US pricing almost seems counter-cyclical to China, with the low in pricing in February, followed by an improvement leading up to the northern hemisphere summer. It does not apply to all items, but it does explain why there has been a significant volume of NZ meat exported to China in preference to the US recently.
The China price dip in April is most likely due to the large New Zealand cow run traditionally peaking in early May, and the decision by most NZ exporters to forward sell in April to manage the cow meat volume. In the past this has been seen by US importers as a strategically key time to buy large volumes of NZ frozen imported cow meat to put away for the northern summer demand period. The question is: Does this strategy still work given half of NZ’s US beef exports now go to China?
I believe this strategy will be truly tested in coming months and is likely to see imported 90 CL meat in the US trade at parity with US domestic 90’s, as opposed to the usual discount that would have occurred in the past. This is simply because of the lack of volume of both imported 90’s and 95’s. What was once a significant strategic advantage for importers owning cheap lean meat will possibly be no longer the boon it once was.
The impact of China’s demand is very different for both Australia and New Zealand and plays a crucial role for several South American countries.
New Zealand’s beef production is heavily weighted towards lean meat, due to NZ’s high bull and cow production which combined make up 61pc of the country’s total kill, due to the strong influence of the dairy industry.
This makes China a natural fit for New Zealand, both in terms of China’s desire for lean meat but also because of the timing of production with the NZ bull run dove-tailing nicely into the Chinese New Year demand period.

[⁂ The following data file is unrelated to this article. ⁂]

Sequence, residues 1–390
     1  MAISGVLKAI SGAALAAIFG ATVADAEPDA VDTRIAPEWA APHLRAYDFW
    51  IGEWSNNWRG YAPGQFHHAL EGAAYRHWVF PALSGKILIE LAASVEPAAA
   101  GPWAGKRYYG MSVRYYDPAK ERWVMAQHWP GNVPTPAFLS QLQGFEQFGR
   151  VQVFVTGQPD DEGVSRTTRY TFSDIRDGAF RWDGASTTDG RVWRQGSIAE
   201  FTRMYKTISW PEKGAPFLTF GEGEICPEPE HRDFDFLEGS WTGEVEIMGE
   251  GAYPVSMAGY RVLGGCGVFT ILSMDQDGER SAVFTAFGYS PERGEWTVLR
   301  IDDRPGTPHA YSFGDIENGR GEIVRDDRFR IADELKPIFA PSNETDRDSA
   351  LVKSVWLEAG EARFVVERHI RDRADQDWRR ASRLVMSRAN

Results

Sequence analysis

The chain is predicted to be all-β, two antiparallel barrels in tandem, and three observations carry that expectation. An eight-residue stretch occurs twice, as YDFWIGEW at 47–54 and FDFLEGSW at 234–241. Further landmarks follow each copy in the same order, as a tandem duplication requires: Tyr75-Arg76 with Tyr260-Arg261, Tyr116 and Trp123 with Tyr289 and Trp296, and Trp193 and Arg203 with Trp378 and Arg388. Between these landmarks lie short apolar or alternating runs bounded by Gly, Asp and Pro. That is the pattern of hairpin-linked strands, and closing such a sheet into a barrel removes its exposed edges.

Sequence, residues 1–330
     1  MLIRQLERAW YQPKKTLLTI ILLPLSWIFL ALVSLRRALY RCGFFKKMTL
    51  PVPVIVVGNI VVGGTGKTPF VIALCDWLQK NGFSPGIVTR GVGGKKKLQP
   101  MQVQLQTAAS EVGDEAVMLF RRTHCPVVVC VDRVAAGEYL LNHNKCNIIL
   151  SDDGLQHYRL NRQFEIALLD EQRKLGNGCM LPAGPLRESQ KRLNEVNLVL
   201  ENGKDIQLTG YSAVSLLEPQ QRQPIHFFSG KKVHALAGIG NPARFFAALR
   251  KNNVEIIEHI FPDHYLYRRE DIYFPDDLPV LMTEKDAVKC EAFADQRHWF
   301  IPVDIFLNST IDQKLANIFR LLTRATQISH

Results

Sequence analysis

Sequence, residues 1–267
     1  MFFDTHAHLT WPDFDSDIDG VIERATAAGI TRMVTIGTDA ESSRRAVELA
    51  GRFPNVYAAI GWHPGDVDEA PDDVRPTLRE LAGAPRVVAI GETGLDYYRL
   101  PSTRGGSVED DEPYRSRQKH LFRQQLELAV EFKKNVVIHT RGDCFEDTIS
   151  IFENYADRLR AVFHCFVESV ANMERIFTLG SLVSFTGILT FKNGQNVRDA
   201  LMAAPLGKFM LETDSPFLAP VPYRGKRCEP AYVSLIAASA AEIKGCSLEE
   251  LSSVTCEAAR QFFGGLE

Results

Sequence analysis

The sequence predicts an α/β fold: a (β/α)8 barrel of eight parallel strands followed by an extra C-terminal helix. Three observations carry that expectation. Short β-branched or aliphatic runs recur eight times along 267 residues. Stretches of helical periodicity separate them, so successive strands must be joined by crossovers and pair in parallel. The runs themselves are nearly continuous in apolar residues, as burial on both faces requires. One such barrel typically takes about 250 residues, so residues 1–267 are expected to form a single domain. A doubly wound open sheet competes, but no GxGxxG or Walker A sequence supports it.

Australia’s role in China I see as different, and is regarded by some processors as still an immature market – namely because of the uncertainty of the Chinese market and the unpredictable nature of the country requirements.
In short, there is too much politics that impacts Australian beef exports which creates a degree of uncertainty about ongoing access to the China market. This was best seen back in July 2017 when six meatworks were banned from shipping to China due to supposed labelling issues, that lasted for five months. In recent times that political dynamic has been reflected in ongoing lack of approval for 16 meat establishments in Australia that have been on the waiting list for two years, even though China continues to keep approving other countries and plants all over the world.
I believe the Australian meat and livestock industry is being dogged by federal politics as Australia’s China relations remain strained.
As long as this continues, it creates doubt in this trade and prevents Australia from reaching its full potential into this market. Conversely other countries are increasing their export footprint in China unfortunately at Australia’s expense.